Arthur Radio Transmission #27 w/ AMI DANG

Hailing from Baltimore, MD, a bubbling pot that continues to churn out a rainbow fog swirl of new and exciting bands (Crazy Dreams Band, Lower Dens) as well as experimental music and new media festivals (Whartscape, Transmodern), Ami Dang seems to exude the creative energy that is pouring out of her hometown. Her upcoming full-length album (due out in December on Ehse Records), was crafted from an intersecting background of classical sitar and composition, experimental electronics and visual performance, combined with a deep love for ’90s dance beats and a fuzzy memory of megaphones blaring Indian pop songs into the streets of New Delhi.

If you’re in the area next week, catch Ami performing along with many other artists at Baltimore’s High Zero festival on September 23rd and 24th, 2010.

Photo of Ami Dang by Bad Brilliance/Andrew Strasser

STREAMING: [audio:

DOWNLOAD: Arthur Radio Transmission #27 w/ Ami Dang 8-1-2010

Playlist beneath the…

~~~~~Hairy Painter + Ivy Meadows DJ set~~~~~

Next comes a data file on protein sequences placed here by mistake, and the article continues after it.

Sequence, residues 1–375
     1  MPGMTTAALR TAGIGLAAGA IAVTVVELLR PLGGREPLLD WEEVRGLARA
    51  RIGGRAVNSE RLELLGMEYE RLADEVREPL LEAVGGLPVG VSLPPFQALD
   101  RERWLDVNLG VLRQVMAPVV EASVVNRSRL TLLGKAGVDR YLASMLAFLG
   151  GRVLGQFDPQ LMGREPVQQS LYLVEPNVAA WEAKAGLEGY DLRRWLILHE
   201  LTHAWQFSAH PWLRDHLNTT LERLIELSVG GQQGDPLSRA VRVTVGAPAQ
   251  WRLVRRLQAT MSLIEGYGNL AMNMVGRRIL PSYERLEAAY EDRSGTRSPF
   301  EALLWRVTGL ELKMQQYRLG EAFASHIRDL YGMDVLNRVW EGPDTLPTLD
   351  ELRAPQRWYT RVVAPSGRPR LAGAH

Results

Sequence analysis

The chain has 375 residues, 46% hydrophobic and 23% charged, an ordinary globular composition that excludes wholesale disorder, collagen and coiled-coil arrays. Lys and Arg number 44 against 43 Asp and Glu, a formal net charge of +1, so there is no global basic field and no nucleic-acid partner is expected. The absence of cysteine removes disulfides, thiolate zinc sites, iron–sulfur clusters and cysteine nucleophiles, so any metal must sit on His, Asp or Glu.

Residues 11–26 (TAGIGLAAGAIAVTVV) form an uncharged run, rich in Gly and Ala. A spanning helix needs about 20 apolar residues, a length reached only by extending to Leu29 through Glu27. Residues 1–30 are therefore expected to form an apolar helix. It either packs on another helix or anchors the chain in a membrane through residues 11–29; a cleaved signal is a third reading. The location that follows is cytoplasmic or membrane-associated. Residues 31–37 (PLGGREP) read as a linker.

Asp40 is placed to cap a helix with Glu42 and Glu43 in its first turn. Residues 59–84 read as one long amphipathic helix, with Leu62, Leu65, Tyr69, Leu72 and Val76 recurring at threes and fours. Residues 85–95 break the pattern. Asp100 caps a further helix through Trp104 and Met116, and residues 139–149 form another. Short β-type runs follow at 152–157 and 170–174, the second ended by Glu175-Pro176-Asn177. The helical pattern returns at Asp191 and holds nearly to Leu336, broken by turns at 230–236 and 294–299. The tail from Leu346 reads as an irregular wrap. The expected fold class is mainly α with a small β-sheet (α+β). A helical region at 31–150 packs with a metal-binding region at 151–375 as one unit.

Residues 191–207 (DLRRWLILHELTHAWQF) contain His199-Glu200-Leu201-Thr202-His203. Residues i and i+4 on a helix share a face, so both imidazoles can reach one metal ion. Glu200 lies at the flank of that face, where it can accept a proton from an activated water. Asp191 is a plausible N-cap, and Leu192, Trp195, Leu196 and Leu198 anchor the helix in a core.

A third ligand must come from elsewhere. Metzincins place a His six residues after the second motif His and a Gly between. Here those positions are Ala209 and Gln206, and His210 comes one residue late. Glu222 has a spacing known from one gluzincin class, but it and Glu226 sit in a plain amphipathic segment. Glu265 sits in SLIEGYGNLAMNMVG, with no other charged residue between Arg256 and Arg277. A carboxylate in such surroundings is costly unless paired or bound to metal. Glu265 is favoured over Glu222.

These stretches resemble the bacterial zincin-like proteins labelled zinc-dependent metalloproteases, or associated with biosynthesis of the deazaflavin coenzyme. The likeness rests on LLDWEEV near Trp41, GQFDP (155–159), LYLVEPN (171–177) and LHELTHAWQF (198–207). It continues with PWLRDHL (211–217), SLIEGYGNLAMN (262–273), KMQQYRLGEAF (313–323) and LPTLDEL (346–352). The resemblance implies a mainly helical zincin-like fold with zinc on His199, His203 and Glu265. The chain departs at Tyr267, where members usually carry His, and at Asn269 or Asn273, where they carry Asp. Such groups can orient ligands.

eight lamas from drepung – invoking the spirit of kindness through sound / masaki batoh and helena espvall – until tomorrow / Arp – High Life / pearls before swine – another time / durutti column – prayer / Lower Dens – Blue & Silver / Pigeons – En Rêve (slooowed downnn arthur radio dub) / Prince Rama Of Ayodhya – Aeolian Divine / philip k dick – the divine invasion (excerpt)

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Philip K. Dick: The Orange County Years

So have you all seen the new issue of Orange Coast magazine yet? You know, “the magazine of Orange County”? Yeah, us neither. But thankfully LA Observed checked it out and hipped us to this decent article about Philip K. Dick’s final years of ducking the spotlight, having profound religious experiences and munching on Trader Joe’s grub down in the OC, basically living a life quite similar — minus the amphetamines he’d mostly left behind — to the goners of A Scanner Darkly. An excerpt:

Dick moved from Fullerton to downtown Santa Ana, where he rented a two-bedroom apartment that he later bought when the building went condo. As a bohemian hipster whose work depicted future people oppressed by life in their monstrously huge, regimented, soulless “conapt” complexes, Dick couldn’t escape the irony that he lived in a condo. In a 1980 Slash magazine interview, he denounced the condo association’s resident meetings as creepily intrusive.

In truth, Dick’s new residence was in some ways ideally suited to him. His building had an elaborate security system, which assuaged his latent paranoia. For the agoraphobic author, the apartment was within walking distance of the post office and a Trader Joe’s, where he could pick up roast beef sandwiches and frozen dinners.

Read the whole of “The Unending Tale of Philip K. Dick” at Orange Coast, or right here after the jump.

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